It will take larger, "well thought-out" trials to get clearer answers, Warren said.

Frazier agreed. "We know ASDs are not just 'one thing,' " he said. "We need more information on whether there are subgroups of children who might be more responsive to a given ."

In the United States, roughly one in every 68 children has been diagnosed with an , according to the U.S. Centers for Disease Control and Prevention. Experts believe that a mix of factors make certain vulnerable—including genetics and certain environmental exposures during early .

Explore further: Treat autism even before symptoms show?

More information: Zachary Warren, Ph.D., associate professor, pediatrics, psychiatry and special education, Vanderbilt University, Nashville; Geraldine Dawson, Ph.D., professor, psychiatry and behavioral sciences, director, Duke Center for Autism and Brain Development, Duke University, Durham, N.C.; Thomas Frazier, Ph.D., chief science officer, Autism Speaks, New York City; May 25, 2017, Pediatrics, online

The U.S. Centers for Disease Control and Prevention has more on autism spectrum disorders.

Related Stories

Treat autism even before symptoms show?

May 11, 2017
(HealthDay)—Treating emerging signs of autism in young babies who are at high risk for the disorder helped improve their attention, language, communication and social skills, preliminary research shows.

Vitamin D supplements may benefit children with Autism Spectrum Disorder

November 21, 2016
Vitamin D supplementation improved symptoms of autism in a recent trial.

Gluten-free, casein-free diet may help some children with autism

February 29, 2012
(Medical Xpress) -- A gluten-free, casein-free diet may lead to improvements in behavior and physiological symptoms in some children diagnosed with an autism spectrum disorder (ASD), according to researchers at Penn State. ...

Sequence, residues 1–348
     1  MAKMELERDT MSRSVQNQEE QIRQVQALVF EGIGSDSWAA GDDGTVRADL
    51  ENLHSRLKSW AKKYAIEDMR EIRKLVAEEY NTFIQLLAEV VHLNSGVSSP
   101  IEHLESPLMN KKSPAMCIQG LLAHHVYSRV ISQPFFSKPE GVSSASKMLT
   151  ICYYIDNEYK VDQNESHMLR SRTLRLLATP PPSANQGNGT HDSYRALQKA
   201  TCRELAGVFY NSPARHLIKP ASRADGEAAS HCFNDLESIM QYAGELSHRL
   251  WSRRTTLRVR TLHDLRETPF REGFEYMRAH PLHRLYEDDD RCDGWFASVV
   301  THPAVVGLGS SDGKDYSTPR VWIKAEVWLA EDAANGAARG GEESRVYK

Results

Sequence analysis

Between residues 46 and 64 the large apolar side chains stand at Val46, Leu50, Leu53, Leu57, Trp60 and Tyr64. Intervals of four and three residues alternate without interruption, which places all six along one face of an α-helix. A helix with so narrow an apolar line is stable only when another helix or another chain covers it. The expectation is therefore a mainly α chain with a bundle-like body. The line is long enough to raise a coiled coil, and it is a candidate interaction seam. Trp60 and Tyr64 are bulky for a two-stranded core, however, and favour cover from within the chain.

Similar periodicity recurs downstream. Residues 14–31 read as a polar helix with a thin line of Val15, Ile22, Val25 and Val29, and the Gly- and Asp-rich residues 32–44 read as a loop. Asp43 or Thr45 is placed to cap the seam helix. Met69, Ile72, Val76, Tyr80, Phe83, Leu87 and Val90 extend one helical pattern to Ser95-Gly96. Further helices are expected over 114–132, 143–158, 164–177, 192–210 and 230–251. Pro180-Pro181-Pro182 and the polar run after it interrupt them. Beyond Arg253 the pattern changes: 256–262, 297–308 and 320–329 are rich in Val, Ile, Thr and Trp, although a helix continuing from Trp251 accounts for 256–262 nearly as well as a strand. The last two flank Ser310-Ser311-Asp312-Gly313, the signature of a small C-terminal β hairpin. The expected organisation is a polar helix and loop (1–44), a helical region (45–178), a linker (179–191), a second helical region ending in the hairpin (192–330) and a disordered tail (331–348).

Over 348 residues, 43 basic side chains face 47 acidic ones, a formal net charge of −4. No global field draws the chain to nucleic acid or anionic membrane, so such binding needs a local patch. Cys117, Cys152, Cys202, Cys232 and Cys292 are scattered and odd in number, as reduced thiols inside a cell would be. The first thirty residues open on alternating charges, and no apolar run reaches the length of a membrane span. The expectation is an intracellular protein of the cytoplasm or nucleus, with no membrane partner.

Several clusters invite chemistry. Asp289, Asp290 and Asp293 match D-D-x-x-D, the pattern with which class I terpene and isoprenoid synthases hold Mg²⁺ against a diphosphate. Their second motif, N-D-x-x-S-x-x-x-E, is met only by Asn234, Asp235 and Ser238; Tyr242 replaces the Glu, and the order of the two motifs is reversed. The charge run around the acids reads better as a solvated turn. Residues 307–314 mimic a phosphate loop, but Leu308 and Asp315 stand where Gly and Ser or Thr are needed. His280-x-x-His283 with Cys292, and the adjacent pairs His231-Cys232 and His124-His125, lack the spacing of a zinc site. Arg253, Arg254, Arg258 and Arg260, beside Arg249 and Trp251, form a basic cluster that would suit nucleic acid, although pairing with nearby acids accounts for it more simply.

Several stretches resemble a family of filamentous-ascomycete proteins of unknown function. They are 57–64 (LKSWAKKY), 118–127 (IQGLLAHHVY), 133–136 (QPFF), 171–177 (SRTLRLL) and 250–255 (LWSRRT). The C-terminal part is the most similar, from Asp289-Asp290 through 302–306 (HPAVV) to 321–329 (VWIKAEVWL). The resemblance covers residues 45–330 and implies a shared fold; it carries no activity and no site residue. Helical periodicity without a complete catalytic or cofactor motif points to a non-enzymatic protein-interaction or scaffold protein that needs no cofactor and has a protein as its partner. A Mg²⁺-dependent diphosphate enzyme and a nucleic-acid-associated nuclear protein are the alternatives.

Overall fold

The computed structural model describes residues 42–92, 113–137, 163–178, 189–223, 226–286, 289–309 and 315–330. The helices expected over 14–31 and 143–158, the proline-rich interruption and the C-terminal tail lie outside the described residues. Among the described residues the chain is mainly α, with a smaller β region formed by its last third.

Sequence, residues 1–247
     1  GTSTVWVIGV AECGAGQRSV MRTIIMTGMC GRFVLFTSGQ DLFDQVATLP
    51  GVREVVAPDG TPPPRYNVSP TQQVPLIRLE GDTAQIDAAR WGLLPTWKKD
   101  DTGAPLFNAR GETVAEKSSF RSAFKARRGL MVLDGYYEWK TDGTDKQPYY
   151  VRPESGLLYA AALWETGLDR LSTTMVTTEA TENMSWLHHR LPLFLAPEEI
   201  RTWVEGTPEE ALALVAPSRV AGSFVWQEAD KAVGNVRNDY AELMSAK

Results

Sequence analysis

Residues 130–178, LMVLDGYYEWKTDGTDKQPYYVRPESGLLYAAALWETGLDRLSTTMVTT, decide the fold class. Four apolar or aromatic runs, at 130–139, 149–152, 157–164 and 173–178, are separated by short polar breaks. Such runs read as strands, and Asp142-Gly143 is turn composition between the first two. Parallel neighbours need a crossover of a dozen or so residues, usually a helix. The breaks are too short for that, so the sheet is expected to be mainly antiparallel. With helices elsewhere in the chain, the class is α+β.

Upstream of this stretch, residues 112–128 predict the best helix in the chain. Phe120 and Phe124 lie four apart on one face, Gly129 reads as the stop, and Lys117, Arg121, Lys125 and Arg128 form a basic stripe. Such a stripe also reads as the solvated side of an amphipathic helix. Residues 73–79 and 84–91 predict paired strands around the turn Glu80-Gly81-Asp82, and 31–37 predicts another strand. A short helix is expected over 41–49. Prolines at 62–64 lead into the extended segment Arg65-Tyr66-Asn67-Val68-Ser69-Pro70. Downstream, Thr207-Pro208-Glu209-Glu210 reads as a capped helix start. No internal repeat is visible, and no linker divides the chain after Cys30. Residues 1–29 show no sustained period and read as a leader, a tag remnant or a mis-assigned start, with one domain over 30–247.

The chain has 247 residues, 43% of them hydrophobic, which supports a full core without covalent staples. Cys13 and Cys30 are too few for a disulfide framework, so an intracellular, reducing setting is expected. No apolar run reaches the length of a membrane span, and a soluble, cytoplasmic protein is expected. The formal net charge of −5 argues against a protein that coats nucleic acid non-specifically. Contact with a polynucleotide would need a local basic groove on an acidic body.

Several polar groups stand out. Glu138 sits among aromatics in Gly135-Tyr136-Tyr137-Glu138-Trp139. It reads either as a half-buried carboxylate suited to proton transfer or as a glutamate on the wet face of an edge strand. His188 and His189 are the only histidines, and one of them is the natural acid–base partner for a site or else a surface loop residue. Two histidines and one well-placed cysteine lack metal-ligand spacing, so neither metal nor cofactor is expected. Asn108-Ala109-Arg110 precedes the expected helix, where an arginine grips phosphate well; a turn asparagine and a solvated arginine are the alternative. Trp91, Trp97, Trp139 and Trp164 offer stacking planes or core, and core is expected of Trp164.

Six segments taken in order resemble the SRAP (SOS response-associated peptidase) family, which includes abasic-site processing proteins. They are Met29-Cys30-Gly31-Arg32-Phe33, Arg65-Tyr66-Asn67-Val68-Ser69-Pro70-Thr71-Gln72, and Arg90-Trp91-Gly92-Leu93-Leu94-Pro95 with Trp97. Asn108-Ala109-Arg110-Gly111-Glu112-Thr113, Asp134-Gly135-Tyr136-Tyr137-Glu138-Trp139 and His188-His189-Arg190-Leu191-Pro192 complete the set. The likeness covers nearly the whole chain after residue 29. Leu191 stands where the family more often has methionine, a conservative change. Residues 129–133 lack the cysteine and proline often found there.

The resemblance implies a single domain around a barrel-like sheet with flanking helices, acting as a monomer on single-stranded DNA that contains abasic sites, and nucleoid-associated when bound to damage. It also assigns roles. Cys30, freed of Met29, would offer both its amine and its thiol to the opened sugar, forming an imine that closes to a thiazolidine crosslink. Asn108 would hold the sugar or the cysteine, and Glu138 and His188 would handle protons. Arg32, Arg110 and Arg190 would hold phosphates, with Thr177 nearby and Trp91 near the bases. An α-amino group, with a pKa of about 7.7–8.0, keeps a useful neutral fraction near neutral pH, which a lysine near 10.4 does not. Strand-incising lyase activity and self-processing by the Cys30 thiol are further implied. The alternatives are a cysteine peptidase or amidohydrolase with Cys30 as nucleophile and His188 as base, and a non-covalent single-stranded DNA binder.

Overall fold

As kids' weight climbs, power of healthy fat supplements drops

April 5, 2017
Body weight plays a significant role in how much benefit children may get from consuming "good" fats, new research suggests.

Is dietary supplementation appropriate for children with autism spectrum disorder?

June 4, 2015
Children with Autism Spectrum Disorder (ASD) are often picky eaters, which can lead parents to suspect that their children might not be getting adequate amounts of vitamins and minerals. This sometimes leads parents of children ...

Recommended for you

Genes contribute to biological motion perception and its covariation with autistic traits

January 22, 2018
Humans can readily perceive and recognize the movements of a living creature, based solely on a few point-lights tracking the motion of the major joints. Such exquisite sensitivity to biological motion (BM) signals is essential ...

Nearly imperceptible fluctuations in movement correspond to autism diagnoses

January 17, 2018
A new study led by researchers at Indiana University and Rutgers University provides the strongest evidence yet that nearly imperceptible changes in how people move can be used to diagnose neurodevelopmental disorders, including ...

Epigenetics study helps focus search for autism risk factors

January 16, 2018
Scientists have long tried to pin down the causes of autism spectrum disorder. Recent studies have expanded the search for genetic links from identifying genes toward epigenetics, the study of factors that control gene expression ...

Being bilingual may help autistic children

January 16, 2018
Children with Autism Spectrum Disorders (ASD) often have a hard time switching gears from one task to another. But being bilingual may actually make it a bit easier for them to do so, according to a new study which was recently ...

No rise in autism in US in past three years: study

January 2, 2018
After more than a decade of steady increases in the rate of children diagnosed with autism in the United States, the rate has plateaued in the past three years, researchers said Tuesday.

Autism therapy: Brain stimulation restores social behavior in mice

December 13, 2017
Scientists are examining the feasibility of treating autistic children with neuromodulation after a new study showed social impairments can be corrected by brain stimulation.

0 comments

Please sign in to add a comment. Registration is free, and takes less than a minute. Read more

Click here to reset your password.
Sign in to get notified via email when new comments are made.